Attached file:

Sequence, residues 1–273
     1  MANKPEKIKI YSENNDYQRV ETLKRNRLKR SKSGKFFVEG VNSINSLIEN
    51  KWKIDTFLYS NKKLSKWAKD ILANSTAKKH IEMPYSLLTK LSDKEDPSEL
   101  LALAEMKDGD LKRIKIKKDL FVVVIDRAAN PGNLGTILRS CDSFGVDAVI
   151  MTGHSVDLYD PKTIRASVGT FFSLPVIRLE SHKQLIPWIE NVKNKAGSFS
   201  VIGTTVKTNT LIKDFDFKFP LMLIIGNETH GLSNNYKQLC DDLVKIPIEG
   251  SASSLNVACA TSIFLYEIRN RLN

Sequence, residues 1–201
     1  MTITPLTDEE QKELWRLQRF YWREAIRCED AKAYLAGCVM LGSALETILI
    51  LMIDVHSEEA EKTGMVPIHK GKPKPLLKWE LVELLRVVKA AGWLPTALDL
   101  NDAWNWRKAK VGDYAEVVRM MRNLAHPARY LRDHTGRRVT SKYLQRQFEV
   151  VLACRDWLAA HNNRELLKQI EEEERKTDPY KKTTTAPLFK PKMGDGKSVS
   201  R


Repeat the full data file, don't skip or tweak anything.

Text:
Sequence, residues 1–273
     1  MANKPEKIKI YSENNDYQRV ETLKRNRLKR SKSGKFFVEG VNSINSLIEN
    51  KWKIDTFLYS NKKLSKWAKD ILANSTAKKH IEMPYSLLTK LSDKEDPSEL
   101  LALAEMKDGD LKRIKIKKDL FVVVIDRAAN PGNLGTILRS CDSFGVDAVI
   151  MTGHSVDLYD PKTIRASVGT FFSLPVIRLE SHKQLIPWIE NVKNKAGSFS
   201  VIGTTVKTNT LIKDFDFKFP LMLIIGNETH GLSNNYKQLC DDLVKIPIEG
   251  SASSLNVACA TSIFLYEIRN RLN

Sequence, residues 1–201
     1  MTITPLTDEE QKELWRLQRF YWREAIRCED AKAYLAGCVM LGSALETILI
    51  LMIDVHSEEA EKTGMVPIHK GKPKPLLKWE LVELLRVVKA AGWLPTALDL
   101  NDAWNWRKAK VGDYAEVVRM MRNLAHPARY LRDHTGRRVT SKYLQRQFEV
   151  VLACRDWLAA HNNRELLKQI EEEERKTDPY KKTTTAPLFK PKMGDGKSVS
   201  R